The rules are simple — the overall height of a column capital should be half the diameter through the bottom of the column. Divide the height into 19 modules. Give three modules to the abacus, four to the scrolls of the volute, six to the echinus, and leave the remaining six at the bottom to the volute. The width and depth of the abacus should be the diameter at the top of the shaft of the column.
Ironic Column by Robert Venturi
In case Alberti’s approach to designing a column seems overly pedantic, you might prefer Venturi’s idea of what a column should look like. Cartoonishly oversized, his “Ironic” column at the 1977 addition to the Allen Memorial Art Museum has an exaggerated capital, no basis, and looks like a child’s interpretation of the classical support system. This, along with a few other examples of post-modernist architecture, marks the last time classical orders were directly referenced in built architecture.
Over the last century the column has undergone dramatic changes in both structural and aesthetic interpretation, emerging as an architectural element whose connection to the over four-thousand-year-old concept often seems barely detectable. Here are a few more examples of how architects have subverted Alberti's conventional column throughout recent history.
Johnson Wax Headquarters by Frank Lloyd Wright, Racine, Wis., United States
The SC Johnson and Son Administration Building is famous for its dendriform columns. Frank Lloyd Wright’s tendency to introduce organic elements and metaphors into his designs has found its most distinctive incarnation in the tall slender columns of the administration building, also known as the Johnson Wax Building.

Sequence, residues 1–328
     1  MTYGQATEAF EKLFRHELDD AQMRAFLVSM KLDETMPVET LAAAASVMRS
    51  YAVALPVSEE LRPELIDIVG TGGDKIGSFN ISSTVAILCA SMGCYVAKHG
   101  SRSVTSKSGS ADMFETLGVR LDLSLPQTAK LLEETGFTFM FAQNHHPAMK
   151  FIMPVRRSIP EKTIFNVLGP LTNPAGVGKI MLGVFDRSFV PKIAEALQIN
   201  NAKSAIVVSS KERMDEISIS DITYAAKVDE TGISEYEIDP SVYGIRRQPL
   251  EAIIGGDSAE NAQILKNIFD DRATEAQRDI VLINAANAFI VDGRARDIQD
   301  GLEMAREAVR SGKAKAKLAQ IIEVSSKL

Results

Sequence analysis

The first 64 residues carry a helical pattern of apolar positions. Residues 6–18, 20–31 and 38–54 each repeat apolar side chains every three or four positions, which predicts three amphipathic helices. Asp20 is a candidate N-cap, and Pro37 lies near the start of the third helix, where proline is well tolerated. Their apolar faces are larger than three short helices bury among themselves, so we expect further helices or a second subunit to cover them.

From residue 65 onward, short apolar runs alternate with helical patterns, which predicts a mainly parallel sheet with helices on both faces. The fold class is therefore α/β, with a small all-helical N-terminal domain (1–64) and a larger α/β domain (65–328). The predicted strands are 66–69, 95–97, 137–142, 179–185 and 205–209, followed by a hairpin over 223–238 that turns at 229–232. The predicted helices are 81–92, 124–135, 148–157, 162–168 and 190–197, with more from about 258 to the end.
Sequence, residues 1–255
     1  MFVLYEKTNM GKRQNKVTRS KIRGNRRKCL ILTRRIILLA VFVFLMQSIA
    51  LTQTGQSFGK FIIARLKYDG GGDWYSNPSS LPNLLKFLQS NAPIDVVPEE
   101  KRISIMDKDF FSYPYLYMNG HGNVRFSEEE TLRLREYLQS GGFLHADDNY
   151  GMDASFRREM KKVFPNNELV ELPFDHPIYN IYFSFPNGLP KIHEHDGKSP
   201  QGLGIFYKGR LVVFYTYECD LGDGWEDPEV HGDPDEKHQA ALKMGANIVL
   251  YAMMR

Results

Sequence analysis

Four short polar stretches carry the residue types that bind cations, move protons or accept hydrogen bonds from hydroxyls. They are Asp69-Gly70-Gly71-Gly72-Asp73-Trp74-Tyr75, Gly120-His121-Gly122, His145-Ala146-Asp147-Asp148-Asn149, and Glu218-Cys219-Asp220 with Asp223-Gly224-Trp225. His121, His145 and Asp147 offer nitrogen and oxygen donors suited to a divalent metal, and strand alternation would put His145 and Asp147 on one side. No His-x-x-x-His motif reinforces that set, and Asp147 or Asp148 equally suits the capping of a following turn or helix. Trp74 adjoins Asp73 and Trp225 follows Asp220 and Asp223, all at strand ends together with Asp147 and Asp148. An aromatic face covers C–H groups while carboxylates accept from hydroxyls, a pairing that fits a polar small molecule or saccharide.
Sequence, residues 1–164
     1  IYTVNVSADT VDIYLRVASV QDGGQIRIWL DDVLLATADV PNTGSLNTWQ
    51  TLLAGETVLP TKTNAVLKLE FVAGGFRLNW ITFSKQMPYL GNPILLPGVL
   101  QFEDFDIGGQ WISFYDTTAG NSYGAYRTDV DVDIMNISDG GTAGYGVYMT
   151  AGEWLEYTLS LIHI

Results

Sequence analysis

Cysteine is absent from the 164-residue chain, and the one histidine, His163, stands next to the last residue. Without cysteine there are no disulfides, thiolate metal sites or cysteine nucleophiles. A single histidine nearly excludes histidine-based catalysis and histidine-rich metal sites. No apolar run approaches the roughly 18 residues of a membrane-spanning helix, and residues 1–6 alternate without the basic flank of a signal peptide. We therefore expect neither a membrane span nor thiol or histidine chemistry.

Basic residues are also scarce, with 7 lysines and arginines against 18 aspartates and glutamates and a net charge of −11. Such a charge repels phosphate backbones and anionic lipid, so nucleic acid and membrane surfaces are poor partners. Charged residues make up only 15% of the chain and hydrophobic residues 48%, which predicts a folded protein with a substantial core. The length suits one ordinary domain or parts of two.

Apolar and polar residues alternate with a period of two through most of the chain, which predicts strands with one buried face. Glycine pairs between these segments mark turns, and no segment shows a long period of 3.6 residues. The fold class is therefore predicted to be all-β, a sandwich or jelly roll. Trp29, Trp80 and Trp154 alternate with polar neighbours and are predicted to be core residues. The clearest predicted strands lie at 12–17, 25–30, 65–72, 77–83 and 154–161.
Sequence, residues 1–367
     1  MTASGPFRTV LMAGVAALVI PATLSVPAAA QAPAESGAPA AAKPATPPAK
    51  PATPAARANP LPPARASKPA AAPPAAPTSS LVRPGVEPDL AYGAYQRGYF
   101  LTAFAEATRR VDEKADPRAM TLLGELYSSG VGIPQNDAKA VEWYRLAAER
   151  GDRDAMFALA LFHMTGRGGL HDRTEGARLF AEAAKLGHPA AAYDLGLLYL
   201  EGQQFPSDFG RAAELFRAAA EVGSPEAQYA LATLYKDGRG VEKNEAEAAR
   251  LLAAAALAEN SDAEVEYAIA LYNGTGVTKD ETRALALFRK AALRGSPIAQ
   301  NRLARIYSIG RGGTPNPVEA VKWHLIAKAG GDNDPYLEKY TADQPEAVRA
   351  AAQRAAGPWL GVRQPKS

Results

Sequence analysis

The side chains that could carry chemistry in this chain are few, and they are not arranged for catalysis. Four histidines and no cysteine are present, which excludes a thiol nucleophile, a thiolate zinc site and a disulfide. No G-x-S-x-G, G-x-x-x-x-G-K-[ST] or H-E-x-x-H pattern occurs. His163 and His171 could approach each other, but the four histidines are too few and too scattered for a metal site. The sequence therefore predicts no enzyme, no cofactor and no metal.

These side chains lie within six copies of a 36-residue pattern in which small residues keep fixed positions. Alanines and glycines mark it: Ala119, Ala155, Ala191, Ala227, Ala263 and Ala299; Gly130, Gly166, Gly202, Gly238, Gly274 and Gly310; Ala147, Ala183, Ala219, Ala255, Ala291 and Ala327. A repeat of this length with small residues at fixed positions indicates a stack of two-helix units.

Chuey House by Richard Neutra, Los Angeles, Calif., United States
Neutra’s “spider legs” go beyond the footprint of his houses and grab onto the surrounding landscape. This system of extended beams and columns blurs the line between interior and exterior and has specific psychological significance.
Clos-Pegase Winery by Michael Graves, Calistoga, Calif., United States
Another post-modernist example — Michael Graves’ 1984 Clos Pegase winery combines classical and modernist architecture while giving it a Mediterranean twist. Dominating the entrance portico, two massive pillars support the structure and divide the building into two volumes.
M2 by Kengo Kuma, Tokyo, Japan
One would hardly believe that this bizarre building is the work of Kengo Kuma. Built in 1991 as Matsuda’s (Mazda) car showroom, the building now allegedly functions as a funeral hall. It can’t get more post-modernist than this.
Kanagawa Institute of Technology by Junya Ishigami, Kanagawa, Japan
The almost weightless Kanagawa Institute of Technology rests on no less than 305 white columns of various sizes placed seemingly randomly and supporting the stripped roof of skylights. Their etheric quality frees up the space and makes them almost disappear.
A similar treatment of columns is used by SANAA in the design of the 2009 Serpentine Gallery Pavilion. An aluminum structure rests on a system of columns that form different spaces meandering through the park.
Sendai Mediatheque by Toyo Ito, Sendai, Japan
Toyo Ito, on the other hand, merges thin columns into lattice systems that are used as supports, light shafts, storage spaces and vertical communication. Six steel-ribbed slabs are supported by 13 vertical steel lattice columns that look like trees.
The Sackler Gallery has columns that visually accentuate their primary role as supports. Appearing sliced out of the envelope, the five interior columns also function as light wells.
Paper House by Shigeru Ban, Lake Yamanaka, Japan
The Paper House is one of those projects that blur the line between the column as autonomous element and the continuity of an envelope. Freestanding paper tubes surround different spaces of the house and create spatial continuity.